According to the CRTC, it will review the proposal made by the CMA and provide new guidelines and rules for telemarketers some time in 2003.
Currently, the CRTC’s rules on telemarketing say that telemarketers must maintain DNC lists for both telephone calls and faxes and provide customers with a fax or telephone number where a responsible person can be reached. Consequences that can be imposed today on telemarketers in Canada include having their telephone service suspended or disconnected.
Angus added that he would be surprised if the CRTC doesn’t issue a “very strong decision” by the end of this year. He said that although new legislation will probably be required from the government, this shouldn’t be a problem.
“This is unlikely to be a major barrier because voters want it. If there is not action soon, I think it will be a platform issue for one or more of the parties in next year’s federal election,” he added.
Angus warned call centres during the education session that although the fines for ignoring the U.S.’s registry are substantial, businesses that choose to ignore it have a lot more to loose than money.
“The fines are big but even bigger if you think about the management time, the legal bills and the bad publicity,” Angus said. “The cost of annoying a potential customer has just become very high indeed.”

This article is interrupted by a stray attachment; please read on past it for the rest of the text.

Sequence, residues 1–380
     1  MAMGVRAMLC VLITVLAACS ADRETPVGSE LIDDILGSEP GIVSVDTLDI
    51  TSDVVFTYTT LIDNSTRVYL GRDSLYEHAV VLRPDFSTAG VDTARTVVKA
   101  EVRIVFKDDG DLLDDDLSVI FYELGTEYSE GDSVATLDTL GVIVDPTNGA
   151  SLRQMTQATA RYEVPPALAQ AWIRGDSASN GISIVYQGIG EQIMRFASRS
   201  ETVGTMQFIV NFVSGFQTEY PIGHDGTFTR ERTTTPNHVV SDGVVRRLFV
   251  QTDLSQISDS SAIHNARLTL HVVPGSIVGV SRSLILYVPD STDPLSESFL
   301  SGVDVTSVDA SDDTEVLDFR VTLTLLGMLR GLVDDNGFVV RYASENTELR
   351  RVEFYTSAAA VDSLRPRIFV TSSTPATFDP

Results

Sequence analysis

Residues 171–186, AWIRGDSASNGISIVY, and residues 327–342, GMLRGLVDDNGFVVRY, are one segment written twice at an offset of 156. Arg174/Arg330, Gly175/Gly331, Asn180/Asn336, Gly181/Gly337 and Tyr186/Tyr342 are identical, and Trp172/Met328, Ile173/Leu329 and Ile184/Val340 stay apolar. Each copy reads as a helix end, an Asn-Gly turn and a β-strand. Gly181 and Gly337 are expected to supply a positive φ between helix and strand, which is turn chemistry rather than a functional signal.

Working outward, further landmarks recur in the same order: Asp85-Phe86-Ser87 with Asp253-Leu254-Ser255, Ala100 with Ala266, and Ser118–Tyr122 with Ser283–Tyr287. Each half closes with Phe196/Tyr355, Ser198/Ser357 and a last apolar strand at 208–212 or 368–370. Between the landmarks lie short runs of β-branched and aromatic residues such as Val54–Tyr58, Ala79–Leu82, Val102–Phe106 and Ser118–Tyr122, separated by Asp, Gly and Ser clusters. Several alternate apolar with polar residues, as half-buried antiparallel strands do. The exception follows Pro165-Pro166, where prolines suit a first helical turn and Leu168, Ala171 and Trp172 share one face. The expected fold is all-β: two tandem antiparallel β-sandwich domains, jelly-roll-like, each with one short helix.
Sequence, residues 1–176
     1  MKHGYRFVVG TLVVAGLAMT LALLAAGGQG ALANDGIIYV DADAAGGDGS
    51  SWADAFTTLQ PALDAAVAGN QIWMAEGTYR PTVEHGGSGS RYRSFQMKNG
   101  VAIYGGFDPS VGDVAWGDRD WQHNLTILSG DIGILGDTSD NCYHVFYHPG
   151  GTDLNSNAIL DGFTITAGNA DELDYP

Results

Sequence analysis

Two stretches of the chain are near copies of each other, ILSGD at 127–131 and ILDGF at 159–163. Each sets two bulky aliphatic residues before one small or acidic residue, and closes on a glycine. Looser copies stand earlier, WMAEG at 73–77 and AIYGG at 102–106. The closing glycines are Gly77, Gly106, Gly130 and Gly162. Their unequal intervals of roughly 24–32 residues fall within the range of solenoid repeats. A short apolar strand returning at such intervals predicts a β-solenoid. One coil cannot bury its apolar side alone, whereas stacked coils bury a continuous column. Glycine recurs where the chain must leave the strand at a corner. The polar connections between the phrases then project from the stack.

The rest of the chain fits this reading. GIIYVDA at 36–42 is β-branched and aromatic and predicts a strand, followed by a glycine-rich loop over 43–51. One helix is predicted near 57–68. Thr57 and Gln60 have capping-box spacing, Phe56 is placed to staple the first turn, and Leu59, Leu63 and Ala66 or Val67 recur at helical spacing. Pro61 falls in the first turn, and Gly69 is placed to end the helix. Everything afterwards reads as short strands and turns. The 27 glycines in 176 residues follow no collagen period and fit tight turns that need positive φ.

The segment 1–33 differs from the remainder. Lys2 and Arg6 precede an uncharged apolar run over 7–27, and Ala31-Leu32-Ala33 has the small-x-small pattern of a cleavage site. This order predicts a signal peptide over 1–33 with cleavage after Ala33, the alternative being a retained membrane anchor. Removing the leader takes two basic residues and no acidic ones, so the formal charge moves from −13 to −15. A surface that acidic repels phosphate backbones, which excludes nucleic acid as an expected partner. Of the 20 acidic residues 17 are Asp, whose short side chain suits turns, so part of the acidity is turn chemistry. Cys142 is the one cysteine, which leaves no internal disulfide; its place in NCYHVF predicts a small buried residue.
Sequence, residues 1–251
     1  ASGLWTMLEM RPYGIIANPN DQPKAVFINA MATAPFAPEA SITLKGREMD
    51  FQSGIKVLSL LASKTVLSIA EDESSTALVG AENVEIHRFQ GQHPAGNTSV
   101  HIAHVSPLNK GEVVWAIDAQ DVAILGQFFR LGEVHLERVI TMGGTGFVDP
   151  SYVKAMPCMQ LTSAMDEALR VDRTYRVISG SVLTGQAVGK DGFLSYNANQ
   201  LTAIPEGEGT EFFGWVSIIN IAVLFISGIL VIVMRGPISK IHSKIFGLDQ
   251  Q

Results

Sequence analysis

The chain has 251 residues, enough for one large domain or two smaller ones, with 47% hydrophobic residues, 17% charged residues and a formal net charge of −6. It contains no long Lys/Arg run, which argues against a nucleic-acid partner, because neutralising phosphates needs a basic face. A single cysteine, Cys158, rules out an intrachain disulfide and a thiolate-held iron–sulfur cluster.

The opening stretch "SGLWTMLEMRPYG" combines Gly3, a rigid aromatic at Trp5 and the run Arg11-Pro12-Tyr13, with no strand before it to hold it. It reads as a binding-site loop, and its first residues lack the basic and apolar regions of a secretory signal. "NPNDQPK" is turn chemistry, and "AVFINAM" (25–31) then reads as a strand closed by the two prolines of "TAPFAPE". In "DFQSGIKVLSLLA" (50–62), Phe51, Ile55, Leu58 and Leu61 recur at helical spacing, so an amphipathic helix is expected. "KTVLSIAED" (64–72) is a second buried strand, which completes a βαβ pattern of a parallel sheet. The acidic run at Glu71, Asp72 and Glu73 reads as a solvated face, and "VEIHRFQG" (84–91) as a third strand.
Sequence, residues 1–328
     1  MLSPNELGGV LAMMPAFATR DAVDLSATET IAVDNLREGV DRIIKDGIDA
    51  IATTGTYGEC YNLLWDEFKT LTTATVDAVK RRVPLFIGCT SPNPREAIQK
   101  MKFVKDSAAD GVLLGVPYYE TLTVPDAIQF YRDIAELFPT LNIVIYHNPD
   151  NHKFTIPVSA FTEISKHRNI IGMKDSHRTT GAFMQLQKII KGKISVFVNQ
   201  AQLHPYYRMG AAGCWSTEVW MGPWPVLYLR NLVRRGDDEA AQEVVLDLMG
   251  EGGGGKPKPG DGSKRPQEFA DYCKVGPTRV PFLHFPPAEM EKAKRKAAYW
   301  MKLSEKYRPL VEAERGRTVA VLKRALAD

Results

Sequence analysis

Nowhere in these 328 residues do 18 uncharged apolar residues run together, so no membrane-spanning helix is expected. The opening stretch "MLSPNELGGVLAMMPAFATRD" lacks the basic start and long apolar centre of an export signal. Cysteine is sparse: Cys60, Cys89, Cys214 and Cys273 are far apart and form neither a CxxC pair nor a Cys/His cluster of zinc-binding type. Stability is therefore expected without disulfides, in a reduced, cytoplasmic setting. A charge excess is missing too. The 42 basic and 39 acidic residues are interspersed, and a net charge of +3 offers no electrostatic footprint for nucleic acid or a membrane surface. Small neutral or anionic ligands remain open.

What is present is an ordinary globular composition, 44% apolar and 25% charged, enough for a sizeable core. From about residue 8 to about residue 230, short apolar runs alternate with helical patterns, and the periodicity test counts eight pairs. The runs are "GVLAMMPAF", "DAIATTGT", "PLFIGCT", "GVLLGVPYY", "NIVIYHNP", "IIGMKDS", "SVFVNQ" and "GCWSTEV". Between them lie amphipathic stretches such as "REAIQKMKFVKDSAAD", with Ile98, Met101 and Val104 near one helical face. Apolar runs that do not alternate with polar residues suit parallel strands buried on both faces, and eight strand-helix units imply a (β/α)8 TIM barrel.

Rick Frye, vice-president of corporate development for Gryphon Networks Corp. – which is already working with Sprint U.S. on the same project to offer the technology enabling Canadian businesses to comply with the new U.S. DNC legislation – said that it is essential for Canadian call centres to find ways to make sure that U.S. business interests are protects because it is ultimately the U.S. clients that are liable for any infractions of DNC calls.
Frye said that although rolling the dice and hoping for the best may have been a viable solution for telemarketers 10 years ago, it no longer is. He said that companies may elect to develop and manage an internal solution.
“For 55 million telephone numbers in the national do not call list, if they were printed on eight by 11 paper in four single-spaced columns, the stack of printed output would be about 90 feet tall. So, the chances of manually looking up do not call numbers before the call is quite obviously not going to be an effective solution, Frye said.
On top of any restriction the CRTC may impose, Dan Bowles, vice-president of the regulatory department at Toronto-based Sprint Canada – a wholly owned subsidiary of Call-Net Enterprises Inc. – said that the U.S. can enforce rules indirectly on Canadian operators not complying with the DNC registry.
Bowles said the U.S. could seize any American assets of the company including accounts due from American clients and “perhaps even go after the telecom companies carrying the call.”